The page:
High-­school science teachers can radically reduce the cost of building up science labs while giving students opportunities to engage in genuine design processes by introducing them to open­-source hardware. A vast collection of free and pre­-designed low-­cost scientific tools are available, many of which can be printed on a open­-source 3­D printer, including the printer itself. Not only can students benefit from access to research grade equipment, there are ample opportunities for students to build on, improve, and customize scientific tools as part of their curriculum. In this way the number and value of the open­-source hardware designs can expand with student effort, enabling a powerful motivating factor for science education.

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We sent a customer to SAINTCON - here's how it went!

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The Hiking Hack is the first of a proposed series of research expeditions investigating the role of situated design for wild animal interaction. This mobile workshop through the Panamanian Rainforest was designed to explore how context shapes the crafting of technology and to probe the limits of constructing and utilizing DIY physical computing systems in harsh environments. It also served as a means of engaging with and reflecting upon the biological, technological and cultural aspects interplaying in modern scientific research.

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Check out this incredible project from Aidan Chopra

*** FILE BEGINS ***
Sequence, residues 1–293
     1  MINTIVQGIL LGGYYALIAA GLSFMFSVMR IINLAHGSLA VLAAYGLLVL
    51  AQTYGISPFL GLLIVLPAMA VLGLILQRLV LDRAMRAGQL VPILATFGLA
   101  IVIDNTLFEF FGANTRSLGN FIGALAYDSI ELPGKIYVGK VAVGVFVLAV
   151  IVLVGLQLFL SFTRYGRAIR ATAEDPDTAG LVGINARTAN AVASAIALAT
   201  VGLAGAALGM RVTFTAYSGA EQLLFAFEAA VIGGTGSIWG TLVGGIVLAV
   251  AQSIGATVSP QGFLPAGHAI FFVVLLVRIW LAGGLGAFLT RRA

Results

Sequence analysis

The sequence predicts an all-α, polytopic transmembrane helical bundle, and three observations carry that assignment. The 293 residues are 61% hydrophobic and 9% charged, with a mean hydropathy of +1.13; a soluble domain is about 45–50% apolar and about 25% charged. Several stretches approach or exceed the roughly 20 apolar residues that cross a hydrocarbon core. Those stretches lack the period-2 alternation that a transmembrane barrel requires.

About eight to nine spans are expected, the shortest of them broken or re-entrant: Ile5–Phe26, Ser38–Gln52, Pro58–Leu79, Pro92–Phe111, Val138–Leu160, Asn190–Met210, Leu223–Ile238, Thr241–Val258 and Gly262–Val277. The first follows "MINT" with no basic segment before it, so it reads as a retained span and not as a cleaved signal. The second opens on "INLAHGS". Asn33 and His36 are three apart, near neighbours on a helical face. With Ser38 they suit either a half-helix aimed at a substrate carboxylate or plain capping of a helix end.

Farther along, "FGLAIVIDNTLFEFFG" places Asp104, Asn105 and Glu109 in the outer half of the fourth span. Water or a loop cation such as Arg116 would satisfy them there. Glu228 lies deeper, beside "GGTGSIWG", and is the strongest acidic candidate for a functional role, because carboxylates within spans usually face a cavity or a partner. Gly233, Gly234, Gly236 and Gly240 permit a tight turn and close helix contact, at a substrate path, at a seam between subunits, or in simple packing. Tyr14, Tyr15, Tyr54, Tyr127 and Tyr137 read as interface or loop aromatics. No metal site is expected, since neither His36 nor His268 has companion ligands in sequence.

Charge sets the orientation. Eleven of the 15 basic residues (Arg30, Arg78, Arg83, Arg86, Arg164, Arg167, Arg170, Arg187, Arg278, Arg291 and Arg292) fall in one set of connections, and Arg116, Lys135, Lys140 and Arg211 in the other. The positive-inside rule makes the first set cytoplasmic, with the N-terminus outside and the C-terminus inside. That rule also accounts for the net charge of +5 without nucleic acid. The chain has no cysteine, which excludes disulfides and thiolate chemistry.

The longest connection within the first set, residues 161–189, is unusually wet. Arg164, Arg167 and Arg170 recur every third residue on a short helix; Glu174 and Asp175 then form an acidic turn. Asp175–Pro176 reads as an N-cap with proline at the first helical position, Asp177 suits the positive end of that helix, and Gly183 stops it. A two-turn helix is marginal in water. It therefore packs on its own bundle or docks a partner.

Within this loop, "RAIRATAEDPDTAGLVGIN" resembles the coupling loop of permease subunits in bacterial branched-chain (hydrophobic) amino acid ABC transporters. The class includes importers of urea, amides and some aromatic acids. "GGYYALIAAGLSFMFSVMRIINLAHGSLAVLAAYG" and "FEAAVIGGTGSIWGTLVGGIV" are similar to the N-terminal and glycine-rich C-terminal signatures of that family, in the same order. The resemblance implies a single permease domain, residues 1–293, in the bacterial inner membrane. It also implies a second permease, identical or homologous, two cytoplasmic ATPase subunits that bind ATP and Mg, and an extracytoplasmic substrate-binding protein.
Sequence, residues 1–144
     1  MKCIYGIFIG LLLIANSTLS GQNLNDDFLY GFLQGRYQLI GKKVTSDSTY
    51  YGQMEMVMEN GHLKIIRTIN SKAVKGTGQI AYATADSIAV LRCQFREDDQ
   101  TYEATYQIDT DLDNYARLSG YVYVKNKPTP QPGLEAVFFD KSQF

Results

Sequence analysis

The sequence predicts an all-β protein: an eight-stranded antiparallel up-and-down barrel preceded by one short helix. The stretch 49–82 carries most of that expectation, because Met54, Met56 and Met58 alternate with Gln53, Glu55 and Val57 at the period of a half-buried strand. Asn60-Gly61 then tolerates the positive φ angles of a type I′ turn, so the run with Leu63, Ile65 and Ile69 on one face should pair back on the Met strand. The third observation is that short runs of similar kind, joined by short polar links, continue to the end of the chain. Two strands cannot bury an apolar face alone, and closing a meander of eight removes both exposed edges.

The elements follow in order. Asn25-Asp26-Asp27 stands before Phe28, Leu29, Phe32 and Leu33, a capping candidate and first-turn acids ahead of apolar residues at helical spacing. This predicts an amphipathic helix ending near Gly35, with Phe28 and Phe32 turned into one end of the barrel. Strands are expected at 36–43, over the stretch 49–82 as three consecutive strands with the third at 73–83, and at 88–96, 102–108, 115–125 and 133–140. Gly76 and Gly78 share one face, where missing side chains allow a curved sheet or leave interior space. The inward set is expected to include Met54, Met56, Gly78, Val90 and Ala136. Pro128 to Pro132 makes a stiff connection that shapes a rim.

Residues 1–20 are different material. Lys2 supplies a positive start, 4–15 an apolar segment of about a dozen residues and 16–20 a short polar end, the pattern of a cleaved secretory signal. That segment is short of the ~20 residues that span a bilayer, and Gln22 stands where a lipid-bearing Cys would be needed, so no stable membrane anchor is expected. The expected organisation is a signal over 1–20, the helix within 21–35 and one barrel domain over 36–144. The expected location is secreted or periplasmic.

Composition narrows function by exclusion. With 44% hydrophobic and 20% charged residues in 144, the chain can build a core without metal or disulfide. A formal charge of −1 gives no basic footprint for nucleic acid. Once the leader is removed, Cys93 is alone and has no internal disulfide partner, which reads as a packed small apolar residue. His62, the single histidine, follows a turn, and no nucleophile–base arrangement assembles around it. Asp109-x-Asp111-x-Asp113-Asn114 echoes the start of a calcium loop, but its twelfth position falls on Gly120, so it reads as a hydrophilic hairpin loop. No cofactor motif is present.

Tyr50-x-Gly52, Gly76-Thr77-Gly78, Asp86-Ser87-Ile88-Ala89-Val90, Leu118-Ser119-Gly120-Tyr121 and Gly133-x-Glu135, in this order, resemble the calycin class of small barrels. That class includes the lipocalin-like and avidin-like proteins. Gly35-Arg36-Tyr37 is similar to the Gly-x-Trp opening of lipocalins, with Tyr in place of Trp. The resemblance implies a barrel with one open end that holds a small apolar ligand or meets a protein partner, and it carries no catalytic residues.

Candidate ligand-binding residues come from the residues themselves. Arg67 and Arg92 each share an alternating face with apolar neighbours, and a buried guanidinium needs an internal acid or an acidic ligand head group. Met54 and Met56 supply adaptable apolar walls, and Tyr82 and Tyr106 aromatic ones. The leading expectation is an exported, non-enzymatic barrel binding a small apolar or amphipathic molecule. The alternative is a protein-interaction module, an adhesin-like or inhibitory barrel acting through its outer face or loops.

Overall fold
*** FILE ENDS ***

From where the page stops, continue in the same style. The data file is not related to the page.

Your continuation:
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MakerCamp was a month long camp where makers, designers and mentors from different parts of the world and with varying skill sets came together to work on projects they wanted to dive deeper into. The group of participants flew in from all over the globe last month (August) to hack, make, teach, work together, and document their making process. In the end they came away with a global community of support for prototypes that can be kick-started into real life projects. As SparkFun was a partner in the camp, we wanted to showcase some of the awesome people and projects from the camp last month.

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We’ve probably used the word “maker” more times in the last year than we have in the last ten years. It’s pretty evident that making is blowing up. Makerspaces have made their way into blogs on education, hackerspaces are being featured in The New York Times, and a White House Maker Faire was held in lieu of the annual White House Science Fair this year. I think it’s fair to say making is so hot right now.

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I have found a great new way to use my computer to earn an additional income. Please take a moment to check it out. Working from home has…
Actually we have 3 videos this week :)
In the video Shawn says the MicroView runs at 3.3V, but according to the documentation it runs at 5V.…
Actually sock are hermaphrodite. By default they act female but when you prepare a pair for storage, one turns into a male.
Yes it is! It doesn’t come with the blackberry ;)
No video, no sale! Just kidding (sort of)
Very nice “lumia” effects, folks. Any kind of ripply glass can work. I have a bathroom cabinet shelf, though it’s tempered and difficult to…
I would be interested in the trackball, if it wasn’t for the fact that my Blackberry didn’t last very long. Is this one improved in some…
I am more with the idea of if you cant figure it out from the video, you shouldn’t be building it. Its a bit dangerous shooting flames

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